4) Effect on inflammatory reactions: This study using animals showed that Auriculotherapy can increase serum Tumour Necrosis Factor and Interleukin-6, and down-regulate pulmonary NF-kappa B p 65 expression suggesting a cholinergic anti-inflammatory mechanism. This suggests a neurological pathway for antiinflammatory effects of Auriculotherapy which makes sense since Auriculotherapy is a neurological intervention!

5) Treatment of migraine attacks: This study compared using a reflex point well documented to relieve migraine (group A) versus a point unlikely to have a therapeutic effect (group B). During treatment, there was a highly significant trend in the reduction of symptoms in group A, whereas no significance was observed in group B. Symptoms were significantly lower in group A than in group B at 10, 30, 60 and 120 min after treatment. This study suggests that the therapeutic specificity of auricular points exists and is linked to the somatotopic representation of our body on the ear.

6) Analgesia and sedative effects during abdominal gynecological operation and effects on postoperative recovery of body function: This showed sedative, analgesic and function-regulating effects from Auriculotherapy. Anxiety was less, lower-doses of anaesthesia were required, breathing response was improved after the operation, and higher levels of serum beta-endorphin were found when Auriculotherapy was added. Anything that potentially improves surgical outcomes sounds like a really good thing to me!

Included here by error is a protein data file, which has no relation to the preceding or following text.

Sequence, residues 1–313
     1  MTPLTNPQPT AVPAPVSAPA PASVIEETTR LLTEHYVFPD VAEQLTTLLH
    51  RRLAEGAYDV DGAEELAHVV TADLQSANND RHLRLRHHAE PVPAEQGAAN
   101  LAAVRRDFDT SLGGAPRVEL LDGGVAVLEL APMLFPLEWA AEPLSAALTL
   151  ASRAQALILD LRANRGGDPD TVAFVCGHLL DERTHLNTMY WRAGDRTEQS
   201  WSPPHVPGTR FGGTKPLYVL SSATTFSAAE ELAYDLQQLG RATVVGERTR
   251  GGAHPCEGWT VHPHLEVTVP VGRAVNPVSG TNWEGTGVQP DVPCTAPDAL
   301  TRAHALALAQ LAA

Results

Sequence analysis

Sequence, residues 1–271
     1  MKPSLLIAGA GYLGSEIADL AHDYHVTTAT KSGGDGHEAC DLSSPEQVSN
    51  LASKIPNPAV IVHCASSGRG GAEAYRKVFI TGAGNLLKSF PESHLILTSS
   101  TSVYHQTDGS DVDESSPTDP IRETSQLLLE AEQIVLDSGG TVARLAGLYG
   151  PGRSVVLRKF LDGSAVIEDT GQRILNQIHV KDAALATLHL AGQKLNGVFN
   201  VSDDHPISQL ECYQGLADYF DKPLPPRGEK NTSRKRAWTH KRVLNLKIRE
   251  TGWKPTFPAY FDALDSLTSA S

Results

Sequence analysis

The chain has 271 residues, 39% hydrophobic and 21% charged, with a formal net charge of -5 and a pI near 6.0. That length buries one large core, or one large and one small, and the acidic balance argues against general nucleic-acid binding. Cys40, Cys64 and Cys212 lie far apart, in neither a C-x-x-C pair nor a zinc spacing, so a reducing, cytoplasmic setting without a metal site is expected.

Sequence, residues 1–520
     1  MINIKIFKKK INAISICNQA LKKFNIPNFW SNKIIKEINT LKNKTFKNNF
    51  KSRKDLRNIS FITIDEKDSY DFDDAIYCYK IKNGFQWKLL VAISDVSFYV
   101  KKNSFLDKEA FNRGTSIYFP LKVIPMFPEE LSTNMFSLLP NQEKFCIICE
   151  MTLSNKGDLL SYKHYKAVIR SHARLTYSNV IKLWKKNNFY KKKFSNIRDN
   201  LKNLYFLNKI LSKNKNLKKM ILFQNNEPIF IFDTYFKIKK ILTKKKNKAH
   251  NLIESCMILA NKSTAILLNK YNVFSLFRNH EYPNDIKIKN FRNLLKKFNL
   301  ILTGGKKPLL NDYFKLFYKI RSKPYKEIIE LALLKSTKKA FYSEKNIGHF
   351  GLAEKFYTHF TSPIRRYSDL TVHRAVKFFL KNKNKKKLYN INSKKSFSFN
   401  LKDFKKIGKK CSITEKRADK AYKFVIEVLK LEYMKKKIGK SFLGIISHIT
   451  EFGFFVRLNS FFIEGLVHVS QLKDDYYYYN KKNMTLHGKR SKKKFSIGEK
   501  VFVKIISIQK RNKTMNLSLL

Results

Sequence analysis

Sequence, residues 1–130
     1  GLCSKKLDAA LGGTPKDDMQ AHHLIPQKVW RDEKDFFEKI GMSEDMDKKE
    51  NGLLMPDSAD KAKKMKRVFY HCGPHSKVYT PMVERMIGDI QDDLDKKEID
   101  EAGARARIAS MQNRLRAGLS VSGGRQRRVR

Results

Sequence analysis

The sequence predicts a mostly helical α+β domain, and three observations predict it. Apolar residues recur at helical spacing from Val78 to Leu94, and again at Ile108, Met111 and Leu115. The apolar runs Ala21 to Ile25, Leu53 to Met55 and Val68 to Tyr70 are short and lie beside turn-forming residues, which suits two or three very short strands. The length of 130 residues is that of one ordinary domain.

7) Improving postural stability: Balance performance was measured on a force platform before and after Auriculotherapy. Main balance parameters pointed to an average short-term improvement of about 15% 1 hour after treatment and 5-10% after an interval of 3 days. However, a few participants showed a better than 30% improvement with the same parameters. The explanation tentatively put forward to account for the results was that Auriculotherapy reduces nociceptive interference and thus improves postural control.

8) Treating headache, trigeminal neuralgia and retro-auricular pain in facial palsy: In this study Auriculotherapy treatment showed pain alleviation in headache, trigeminal neuralgia, and retro-auricular pain levels. The researchers noted that treatment number should be no less than 10 sessions.